Faces of the Diaspora: A Young Doctor Dreams of Returning Home

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The path that led Dr. Kekoa Taparra, 33, to become a resident physician at Stanford University in Palo Alto, Calif., began with heartbreak.

Born and raised in Mililani, Oʻahu, Taparra watched many of his relatives suffer before passing away from various cancers. “I remember 10 family members got cancer and then just died, and they’re all Hawaiian,” Taparra said. One particularly haunting memory was watching his aunt suffering from endometrial cancer continuously push a button for more and more pain medication.

On the first day of his Ph.D. program at the Johns Hopkins University School of Medicine in Baltimore some 12 years ago, Taparra met a physician, Dr. Phuoc T. Tran, who would change his life. Tran took him to help treat a patient with cancer. Shocked, Taparra asked, “Wait, you can cure this?” The realization inspired years of work to advocate for Pacific Islander health equity.

As a child, Taparra never dreamed of being a doctor. “I didn’t even think that that was something that you could do as a Hawaiian,” he said. Instead, he debated between working as a dolphin trainer or an Apple store employee.

Throughout his childhood, Taparra and his older sister were supported by working parents – his mother as a public school teacher and his father as an electric company employee.

With Kanaka ʻŌiwi blood on both sides of his ʻohana, Taparra connected with the ocean, calling it “a big part of my identity.” Taparra and his father spent a lot of time fishing together. His dad not only taught him the names of different fish in ʻōlelo Hawaiʻi, but also the values of sustainability and aloha ʻāina.

Taparra recognizes that his generation is privileged in having shed much of the oppression and shame caused by colonization, with social media and online education resources helping reconnect Hawaiians on the islands and in the diaspora to their culture. “We have pride in being Hawaiian, but I think that, unfortunately, generations prior to us really did not grow up with that,” he said.

As a student at Kamehameha Schools Kapālama, Taparra first explored his interest in science under Kumu Gail Ishimoto, although he didn’t necessarily nurture a love for academia. He sought out colleges where he could swim competitively – which led him to Fairfield University in Connecticut.

The Northeast’s cold climate, affluence and racial hegemony caused culture shock – although he also encountered kindness. “You’re tokenized in a way,” Taparra said about being Hawaiian on the continent. “It’s oftentimes very isolating and alienating.”

One summer, Taparra studied abroad in Japan. He started his undergraduate program as a computer science major, but eventually graduated with two majors, two concentrations and three minors. During his undergraduate career, he acquired mentors who encouraged him to pursue science as a career.

Navigating the unfamiliar application process for Ph.D. programs, he initially just applied to Yale University – until a professor suggested Johns Hopkins. Unbeknownst to him, that would become his next educational step at the age of 21.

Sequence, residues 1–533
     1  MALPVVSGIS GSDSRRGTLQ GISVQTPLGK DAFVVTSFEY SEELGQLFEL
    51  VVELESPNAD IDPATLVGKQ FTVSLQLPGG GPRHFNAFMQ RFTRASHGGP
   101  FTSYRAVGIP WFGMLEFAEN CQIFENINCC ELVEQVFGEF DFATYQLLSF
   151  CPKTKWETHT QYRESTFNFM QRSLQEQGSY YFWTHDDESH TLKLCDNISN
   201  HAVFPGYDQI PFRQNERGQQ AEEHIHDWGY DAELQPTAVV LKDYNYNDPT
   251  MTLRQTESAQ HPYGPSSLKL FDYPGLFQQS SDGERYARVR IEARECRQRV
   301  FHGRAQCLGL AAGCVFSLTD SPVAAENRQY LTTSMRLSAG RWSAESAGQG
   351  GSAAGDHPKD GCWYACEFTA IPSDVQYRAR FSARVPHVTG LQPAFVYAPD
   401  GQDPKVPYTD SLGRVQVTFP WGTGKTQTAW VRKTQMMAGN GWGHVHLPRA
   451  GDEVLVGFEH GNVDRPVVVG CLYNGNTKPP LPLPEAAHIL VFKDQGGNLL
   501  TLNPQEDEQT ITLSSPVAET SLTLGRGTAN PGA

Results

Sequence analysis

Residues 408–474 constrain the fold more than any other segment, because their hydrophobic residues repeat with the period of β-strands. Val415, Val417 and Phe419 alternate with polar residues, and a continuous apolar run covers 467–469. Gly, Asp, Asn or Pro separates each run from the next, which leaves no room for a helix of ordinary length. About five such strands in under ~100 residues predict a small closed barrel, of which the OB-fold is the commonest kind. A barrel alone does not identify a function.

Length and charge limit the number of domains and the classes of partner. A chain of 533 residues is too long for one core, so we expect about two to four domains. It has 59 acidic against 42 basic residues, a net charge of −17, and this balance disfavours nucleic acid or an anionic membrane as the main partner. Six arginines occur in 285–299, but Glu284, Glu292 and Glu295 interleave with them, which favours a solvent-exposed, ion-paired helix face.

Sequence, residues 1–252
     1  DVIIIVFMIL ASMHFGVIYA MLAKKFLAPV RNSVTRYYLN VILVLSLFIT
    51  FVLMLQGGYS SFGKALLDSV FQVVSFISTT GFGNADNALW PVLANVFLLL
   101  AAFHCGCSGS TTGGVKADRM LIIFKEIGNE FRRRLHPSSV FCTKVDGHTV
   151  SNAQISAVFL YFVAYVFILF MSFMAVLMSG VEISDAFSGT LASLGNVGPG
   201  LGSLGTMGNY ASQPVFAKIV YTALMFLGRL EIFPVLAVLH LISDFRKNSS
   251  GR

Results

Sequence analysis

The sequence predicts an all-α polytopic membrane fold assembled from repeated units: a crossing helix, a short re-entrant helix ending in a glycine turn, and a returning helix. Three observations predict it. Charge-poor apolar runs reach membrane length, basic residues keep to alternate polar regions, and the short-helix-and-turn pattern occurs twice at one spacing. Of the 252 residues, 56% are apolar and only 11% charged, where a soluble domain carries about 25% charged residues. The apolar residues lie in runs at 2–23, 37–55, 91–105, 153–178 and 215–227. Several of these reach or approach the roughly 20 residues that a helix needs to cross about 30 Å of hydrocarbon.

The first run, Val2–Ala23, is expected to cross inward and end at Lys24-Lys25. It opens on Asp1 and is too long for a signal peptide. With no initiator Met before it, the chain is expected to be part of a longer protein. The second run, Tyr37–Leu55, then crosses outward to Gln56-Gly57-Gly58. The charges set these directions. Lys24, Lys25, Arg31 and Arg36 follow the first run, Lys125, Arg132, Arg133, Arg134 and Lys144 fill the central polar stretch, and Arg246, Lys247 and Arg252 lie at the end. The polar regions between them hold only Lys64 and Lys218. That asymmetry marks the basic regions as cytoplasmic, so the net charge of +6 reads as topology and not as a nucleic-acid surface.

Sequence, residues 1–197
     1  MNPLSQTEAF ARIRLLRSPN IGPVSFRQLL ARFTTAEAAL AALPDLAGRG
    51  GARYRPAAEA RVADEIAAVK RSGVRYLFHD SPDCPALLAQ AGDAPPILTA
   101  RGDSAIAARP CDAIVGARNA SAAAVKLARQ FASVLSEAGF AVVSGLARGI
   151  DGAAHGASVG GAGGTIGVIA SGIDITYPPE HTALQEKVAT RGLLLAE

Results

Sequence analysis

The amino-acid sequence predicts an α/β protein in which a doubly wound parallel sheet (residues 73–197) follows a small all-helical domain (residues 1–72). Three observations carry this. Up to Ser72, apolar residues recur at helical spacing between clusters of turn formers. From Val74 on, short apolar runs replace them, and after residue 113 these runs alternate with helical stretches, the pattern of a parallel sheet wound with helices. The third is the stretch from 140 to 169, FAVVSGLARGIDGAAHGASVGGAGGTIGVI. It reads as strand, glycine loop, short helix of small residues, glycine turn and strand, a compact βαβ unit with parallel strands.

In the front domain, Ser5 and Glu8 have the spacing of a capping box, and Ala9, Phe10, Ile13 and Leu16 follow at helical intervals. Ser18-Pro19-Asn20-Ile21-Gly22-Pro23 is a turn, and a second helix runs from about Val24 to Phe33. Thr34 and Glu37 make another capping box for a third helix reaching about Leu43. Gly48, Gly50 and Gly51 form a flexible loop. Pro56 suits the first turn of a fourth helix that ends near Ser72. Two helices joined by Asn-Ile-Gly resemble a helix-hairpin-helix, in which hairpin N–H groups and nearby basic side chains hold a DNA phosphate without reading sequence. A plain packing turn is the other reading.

In Baltimore, he experienced city life, a different culture, and varying levels of safety. There, Taparra also met his future wife, Katie, who worked as a technician in his Ph.D. lab.

“I grew into my adulthood in Baltimore,” Taparra reflected.

Over his four years at Johns Hopkins, Tran pushed Taparra to go to medical school as a way to take care of the lāhui, helping him prepare for the prerequisites and the Medical College Admission Test (MCAT).

Later, Taparra moved to Rochester, Minn. – a place that reminded him of home because of its warm community despite being what he referred to as “a frozen tundra” – to earn a doctor of medicine degree from the Mayo Clinic Alix School of Medicine. That took him another four years.

While working on his medical degree, Taparra and Katie dated. He brought her back to Hawaiʻi to meet his family and watched as she cared for his grandfather on dialysis. In medical school, he also worked in a Waimānalo clinic, with Katie helping patients take their diabetes medication and insulin shots.

“She’s not Kanaka, but she truly cares about our community,” Taparra said. They were married in 2019.

Last year, Taparra was selected as part of the inaugural cohort of the President Barack Obama Foundation Leaders USA program, joining the likes of politicians, nonprofit owners and CEOs. He recently spoke at a convening in Chicago about a lab of Pacific Islander students that he currently runs, where they learn about community health disparities, tackling structural racism, and surmounting Indigenous erasure.

“I really used that as an opportunity to uplift the voices of people in the group that I work with,” Taparra said. “They are the future.”

Taparra is now in his fourth year of residency at Stanford, with one year remaining. He’s also balancing more schooling to earn a Master of Public Health degree from Hawaiʻi Pacific University.

Taparra is currently interviewing for jobs in Hawaiʻi, with the end goal of returning home. He wants the lāhui to know that the wisdom of our kūpuna about the ʻāina and healthy living was always correct.

And to the diaspora, he says, “The true success is not just leaving [Hawaiʻi], if you left, but to find ways to come back and contribute to the lāhui.”